More than 150,000 people have joined the Labour Party since May’s defeat, a figure which exceeds the total membership of any other political party in the UK. Over 60,000 have joined since Jeremy Corbyn became leader, more than either the Liberal Democrats or Ukip can boast among their ranks. The composition of the party is changing too. The average age of the party membership fell by 11 years over the summer – from 53 to 42 – and more women than men joined. Something similar happened with the SNP after the independence referendum, when its membership, in a nation of only five million, surged beyond the 100,000 mark. There, too, new members were younger and most of them were women. More »
There’s an exhibition of Christopher Logue’s poster poems at Rob Tufnell, 83 Page Street, London SW1, until 7 November.
‘Sex War Sex Cars Sex’ by Christopher Logue and Derek Boshier, 1967.
There’s a new website of Peter Campbell’s work. You can see some of his more-than-400 LRB cover pictures there, along with many other illustrations, paintings and designs. The thematic galleries include ‘On Wheels’ (cars, trains, trams, vans and prams, although he never learned to drive) and ‘On the Menu’, flowers and birds, sketches of the smart set and more everyday characters: waiters, gardeners, barmaids and nurses at work and in their off-moments. The archive will continue to grow.
Janette Taylor, a subscriber who makes paper beads, made this necklace out of the LRB.
France, 1976. © Josef Koudelka/Magnum Photos
Earlier this month I went on a press junket to the Josef Koudelka retrospective in Madrid. Reading the catalogue on the plane, I realised I was living the inverse of the romantic myth that grew up around the work I was going to see. Stuart Alexander’s essay describes the photographer in 1973, not long after he left Czechoslovakia for the West: More »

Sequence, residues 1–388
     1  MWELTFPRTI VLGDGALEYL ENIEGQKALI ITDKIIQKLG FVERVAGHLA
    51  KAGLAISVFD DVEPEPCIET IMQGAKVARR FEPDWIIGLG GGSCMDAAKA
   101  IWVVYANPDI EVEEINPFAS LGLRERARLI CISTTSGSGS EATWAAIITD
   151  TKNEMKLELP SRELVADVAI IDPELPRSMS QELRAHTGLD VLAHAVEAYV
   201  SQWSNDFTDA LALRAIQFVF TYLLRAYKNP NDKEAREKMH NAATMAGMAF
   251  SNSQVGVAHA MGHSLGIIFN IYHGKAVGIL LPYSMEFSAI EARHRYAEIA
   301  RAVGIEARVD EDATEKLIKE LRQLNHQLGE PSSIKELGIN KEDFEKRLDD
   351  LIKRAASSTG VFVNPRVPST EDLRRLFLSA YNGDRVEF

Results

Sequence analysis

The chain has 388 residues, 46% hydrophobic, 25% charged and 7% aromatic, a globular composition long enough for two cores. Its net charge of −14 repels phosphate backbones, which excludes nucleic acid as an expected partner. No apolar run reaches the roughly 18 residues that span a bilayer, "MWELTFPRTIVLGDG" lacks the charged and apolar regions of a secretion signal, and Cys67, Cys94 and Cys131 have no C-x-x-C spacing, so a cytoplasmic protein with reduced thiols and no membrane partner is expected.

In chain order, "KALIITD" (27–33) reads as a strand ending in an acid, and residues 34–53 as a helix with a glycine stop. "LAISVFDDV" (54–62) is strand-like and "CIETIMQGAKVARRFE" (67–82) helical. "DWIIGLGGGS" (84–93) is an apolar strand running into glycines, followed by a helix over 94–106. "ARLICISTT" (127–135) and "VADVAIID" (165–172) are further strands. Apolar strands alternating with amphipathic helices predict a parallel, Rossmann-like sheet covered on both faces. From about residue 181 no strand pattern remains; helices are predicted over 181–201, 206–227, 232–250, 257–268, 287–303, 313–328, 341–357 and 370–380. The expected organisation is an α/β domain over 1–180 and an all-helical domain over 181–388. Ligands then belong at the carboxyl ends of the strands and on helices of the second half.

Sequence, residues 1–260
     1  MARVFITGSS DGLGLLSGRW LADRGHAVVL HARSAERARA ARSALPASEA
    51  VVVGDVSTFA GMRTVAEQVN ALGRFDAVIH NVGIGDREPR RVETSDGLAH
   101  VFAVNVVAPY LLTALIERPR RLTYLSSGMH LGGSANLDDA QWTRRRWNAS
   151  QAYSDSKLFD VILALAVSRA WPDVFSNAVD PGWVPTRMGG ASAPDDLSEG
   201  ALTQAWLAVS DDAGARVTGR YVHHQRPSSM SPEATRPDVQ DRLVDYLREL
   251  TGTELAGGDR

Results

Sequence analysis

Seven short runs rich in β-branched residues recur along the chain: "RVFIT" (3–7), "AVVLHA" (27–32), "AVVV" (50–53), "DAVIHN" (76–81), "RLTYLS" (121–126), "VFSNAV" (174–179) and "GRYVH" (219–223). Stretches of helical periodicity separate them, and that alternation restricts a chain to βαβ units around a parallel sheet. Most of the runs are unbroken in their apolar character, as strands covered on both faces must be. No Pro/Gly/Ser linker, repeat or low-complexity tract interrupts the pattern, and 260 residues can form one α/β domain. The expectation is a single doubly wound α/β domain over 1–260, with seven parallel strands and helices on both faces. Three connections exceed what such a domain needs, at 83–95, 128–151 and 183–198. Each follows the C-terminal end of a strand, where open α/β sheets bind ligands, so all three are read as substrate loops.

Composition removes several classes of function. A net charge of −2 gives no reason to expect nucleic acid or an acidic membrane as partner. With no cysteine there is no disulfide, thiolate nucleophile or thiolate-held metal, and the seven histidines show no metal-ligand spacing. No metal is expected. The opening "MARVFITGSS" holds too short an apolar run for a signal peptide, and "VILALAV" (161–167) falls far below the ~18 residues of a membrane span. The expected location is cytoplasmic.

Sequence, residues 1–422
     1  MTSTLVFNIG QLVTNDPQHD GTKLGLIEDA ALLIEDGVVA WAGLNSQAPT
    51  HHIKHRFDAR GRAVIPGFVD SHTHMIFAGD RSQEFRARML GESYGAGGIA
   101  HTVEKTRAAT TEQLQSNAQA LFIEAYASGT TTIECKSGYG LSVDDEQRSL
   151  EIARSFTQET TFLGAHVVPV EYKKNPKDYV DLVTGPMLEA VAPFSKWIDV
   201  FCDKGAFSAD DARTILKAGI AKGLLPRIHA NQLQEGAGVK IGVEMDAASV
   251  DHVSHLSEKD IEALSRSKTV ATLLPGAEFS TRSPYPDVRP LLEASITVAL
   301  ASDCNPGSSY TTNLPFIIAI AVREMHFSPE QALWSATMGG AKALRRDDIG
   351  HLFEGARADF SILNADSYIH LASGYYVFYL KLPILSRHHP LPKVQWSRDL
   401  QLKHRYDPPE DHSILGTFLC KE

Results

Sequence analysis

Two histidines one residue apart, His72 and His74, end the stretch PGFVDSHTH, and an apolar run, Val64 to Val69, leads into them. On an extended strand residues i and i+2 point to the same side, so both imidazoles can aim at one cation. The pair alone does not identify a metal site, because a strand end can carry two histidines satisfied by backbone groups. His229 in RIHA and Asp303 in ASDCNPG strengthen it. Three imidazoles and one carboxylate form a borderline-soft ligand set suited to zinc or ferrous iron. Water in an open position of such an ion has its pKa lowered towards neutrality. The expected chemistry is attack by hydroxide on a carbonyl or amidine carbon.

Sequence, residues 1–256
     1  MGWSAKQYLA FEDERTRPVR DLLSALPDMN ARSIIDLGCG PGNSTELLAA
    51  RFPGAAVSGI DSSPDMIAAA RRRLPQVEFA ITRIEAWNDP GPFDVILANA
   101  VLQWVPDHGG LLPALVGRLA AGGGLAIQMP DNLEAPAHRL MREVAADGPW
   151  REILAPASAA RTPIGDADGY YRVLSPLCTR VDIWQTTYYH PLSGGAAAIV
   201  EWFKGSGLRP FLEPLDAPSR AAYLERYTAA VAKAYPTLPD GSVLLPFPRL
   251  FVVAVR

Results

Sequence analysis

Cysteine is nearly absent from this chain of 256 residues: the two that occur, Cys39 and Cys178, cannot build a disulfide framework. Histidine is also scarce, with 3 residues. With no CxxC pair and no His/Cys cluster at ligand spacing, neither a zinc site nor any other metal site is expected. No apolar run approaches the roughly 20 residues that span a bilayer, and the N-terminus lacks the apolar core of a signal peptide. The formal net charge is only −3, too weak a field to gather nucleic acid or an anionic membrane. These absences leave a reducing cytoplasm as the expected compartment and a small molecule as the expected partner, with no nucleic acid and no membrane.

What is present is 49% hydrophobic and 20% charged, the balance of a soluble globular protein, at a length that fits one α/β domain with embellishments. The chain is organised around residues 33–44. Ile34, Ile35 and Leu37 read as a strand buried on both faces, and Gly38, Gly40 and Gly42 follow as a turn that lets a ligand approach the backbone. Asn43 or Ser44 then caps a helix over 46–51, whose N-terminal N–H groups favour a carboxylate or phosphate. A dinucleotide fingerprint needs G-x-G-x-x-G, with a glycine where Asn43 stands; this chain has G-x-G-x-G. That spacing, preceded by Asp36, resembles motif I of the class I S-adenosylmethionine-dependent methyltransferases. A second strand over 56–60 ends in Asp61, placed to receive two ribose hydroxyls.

On 7 August 1991, the Albanian ship Vlora docked at the Port of Durrës, twenty miles west of Tirana, with a cargo of Cuban sugar. Thousands of people, desperate to leave Albania in the first throes of its ‘transition’ from communism, boarded the ship and prevailed on the captain to take them to Italy. The Vlora arrived in Bari the next day. According to a Parliamentary Assembly of the Council of Europe report from January 1992: More »
Trouble over Trident has struck deep into the souls of disaffected Labour politicians, from those who say they ‘disagree with Jeremy’ to those making clear they will go to the stake for the ‘independent’ deterrent. Their belief in it turns on three considerations, spelled out three years ago by Luke Akehurst in Progress.
First, jobs: the renewal of Trident is a jobs-protection scheme, worth £100 billion (Akehurst asks ‘what Barrow, or for that matter Derby or Aldermaston, are supposed to do to replace the highly skilled engineering jobs dependent on Trident renewal’).
Second, ‘punching above our weight’ to ensure a ‘place at the table’, most notably as a member of the Permanent Security Council of the UN, a politically bankrupt arrangement if ever there were one.
Third, insurance, a policy with a very high premium but worth every penny when heart-wrenchingly packaged: ‘I support Trident renewal because I want my children and hopefully their children to have a country in 50 years time which is still protected by a deterrent so powerful that no other power that arises in the intervening five decades, however hostile or malign, would risk bullying us with nuclear or other WMD threats.’
This is the family-man doctrine of deterrence. More »
Here’s the winner of the Paris Review and LRB #readeverywhere photo competition. Full details of prizes and runners up on the Paris Review blog.
At around 2.30 p.m. on Wednesday 16 September, Michel Kafando, the president of Burkina Faso, was taken hostage during a cabinet meeting. Members of the Régiment de Sécurité Présidentielle (RSP) burst through the doors of the meeting room in the Koysam Presidential Palace and detained Kafando and his prime minister, Isaac Zida. The next day, the RSP announced that the borders were closed and that General Gilbert Diendéré would assume the presidency until ‘inclusive and peaceful’ elections could be arranged. More »
Questions of how the Arab world should be depicted, by whom, in what language, and for what purpose, came up in several discussions I took part in over recent months. The debate is fraught, and prone to curtail writers’ freedoms as much as open up new ground. It is best engaged with in what Ahdaf Soueif has described as the ‘mezzaterra’ between East and West which, thankfully, is less of a no man’s land than it used to be. More »